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Magnus Carlsen vs Teimour Radjabov
Linares (2009), Linares ESP, rd 13, Mar-06
Sicilian Defense: Nezhmetdinov-Rossolimo Attack (B30)  ·  1/2-1/2
ANALYSIS [x]

FEN COPIED

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Kibitzer's Corner
< Earlier Kibitzing  · PAGE 7 OF 7 ·  Later Kibitzing>
Mar-06-09  jon01: Does Carlsen have a girlfriend?
Mar-06-09  JG27Pyth: I knew Carlsen was somehow in trouble when it became obvious to me he had an easy win...
Mar-06-09  ZUGZWANG67: A draw by perpetual?
Mar-06-09  ZUGZWANG67: Likely...
Mar-06-09  samikd: Poor Magnus ! But then, this is chess !
Mar-06-09  Chicago Chess Man: this is probably what playing too much blitz does to you...
Mar-06-09  ZUGZWANG67: Chess is probably the only sport/game where a draw can be enjoyed.
Mar-06-09  Kaspykov: <Chicago Chess Man: this is probably what playing too much blitz does to you...>

100% agree !!!!!

Mar-06-09
Premium Chessgames Member
  whiteshark: Eat that frog, Magnus.
Mar-06-09  e4ia: Drawn! Kf1 vs kf3 was a totally a won game; Magnus has screwed up a lot of winning or drawing endgames, esp R + pawn...and he had time to find 47 Kf1!! end of game! Kudos to Radj and his Nb4!

Mar-06-09  e4ia:

meant Radj Nb5!

Mar-06-09  kellmano: <ZUGZWANG67: Chess is probably the only sport/game where a draw can be enjoyed.>

I'd like to provide counter-examples, but it's too easy.

Go on then: test cricket, football, rugby. To name but a few.

Mar-06-09  benjinathan: <ZUGZWANG67> I give you this:<On New Year's Eve 1975, the Red Army was scheduled to play the Montreal Canadiens. The Red Army was the most dominant team in the Soviet League and the Canadiens were usually the best team in the NHL the Canadiens went on to win the NHL later that year. The game was billed in North America as the de facto world professional championships. The game resulted in a 3-3 tie in a contest that is widely regarded as one of the greatest games ever to have taken place.>
Mar-06-09  rbond: By the way, the Canadiens outplayed the Red Army for most of the game, but some shakey goaltending at the end led to the tie. Sound familiar?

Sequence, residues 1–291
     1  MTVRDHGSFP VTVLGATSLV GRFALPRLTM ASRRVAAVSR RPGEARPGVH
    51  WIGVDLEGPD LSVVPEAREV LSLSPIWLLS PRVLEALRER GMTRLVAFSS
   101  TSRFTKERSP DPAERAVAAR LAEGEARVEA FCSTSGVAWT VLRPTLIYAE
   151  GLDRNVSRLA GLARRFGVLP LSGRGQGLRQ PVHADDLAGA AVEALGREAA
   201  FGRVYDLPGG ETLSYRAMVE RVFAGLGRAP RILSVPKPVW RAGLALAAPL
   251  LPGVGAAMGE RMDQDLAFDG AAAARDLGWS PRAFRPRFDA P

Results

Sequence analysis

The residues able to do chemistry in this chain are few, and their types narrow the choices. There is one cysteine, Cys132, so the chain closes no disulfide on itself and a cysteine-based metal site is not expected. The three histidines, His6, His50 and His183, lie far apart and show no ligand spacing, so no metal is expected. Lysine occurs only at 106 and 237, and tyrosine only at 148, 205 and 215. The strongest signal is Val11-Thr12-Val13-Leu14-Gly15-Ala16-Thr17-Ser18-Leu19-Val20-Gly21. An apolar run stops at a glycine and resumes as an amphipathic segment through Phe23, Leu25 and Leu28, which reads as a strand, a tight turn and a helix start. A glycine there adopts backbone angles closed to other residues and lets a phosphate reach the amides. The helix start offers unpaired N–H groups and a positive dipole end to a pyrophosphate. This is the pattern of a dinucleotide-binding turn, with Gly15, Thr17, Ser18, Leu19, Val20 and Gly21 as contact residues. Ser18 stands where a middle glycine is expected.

Mar-06-09  alterego: Marmot PFL: <alterego> i had seen that line beginning with Anand's Qa5, and expected Grischuk would play Qxc6 at the end instead of Rf1 (sorry i dont have move numbers.) Rf1 was good though as long as he played Bxf5 instead of allowing f4 when Anand's pawns were advancing and his bishops got into things fast (Bg4). At that point taking the draw was only sensible.

Thank you again for peoviding this line. I played it through. This should have been 26.Qxc6. And 29. Bxf5 which was not played, but R instead. But that would have been probably the winning line for Grischuk. In any case it ain't over... until it's over.

Mar-06-09  Ulhumbrus: <jon01: However, I still haven't understood why Kf1 is so much better than Kf3.> Both Kf1 and Kf3 approach the Black passed d pawn. The difference is that after ..Nc3, with a White Rook on b4, Ke3 allows the N to fork the K and R by ...Nd5+ whereas a Kon e1 can approach the pawn by Ke1 without allowing this fork.
Mar-06-09  ZUGZWANG67: <benjinathan; kellmano>

lol i did not think that such a comment would lead to such an 'emotionnal debate'!

I don' t know much about football (in my country, one calls it 'soccer') nor cricket. Would it be possible to use strategy (or tactic) in a way to reach an 'enjoyable' draw in those sports? And if so, does the fact that it would be 'enjoyable' depends on the game itself, or rather the way a draw could be achieved ? As here, in the game Radlabov/Carlsen, the draw was enjoyable because some moves were played specifically to avoid a loss, instead of the enjoyment being based on some more general factors.

And for hockey, I live 75 kilometers from Montreal and saw the 31Th of december 1975 game. Great game! But nowadays, there' s no draws allowed anymore. In NHL, every games must be decided in overtime and, if not enough, shootouts, to avoid a draw.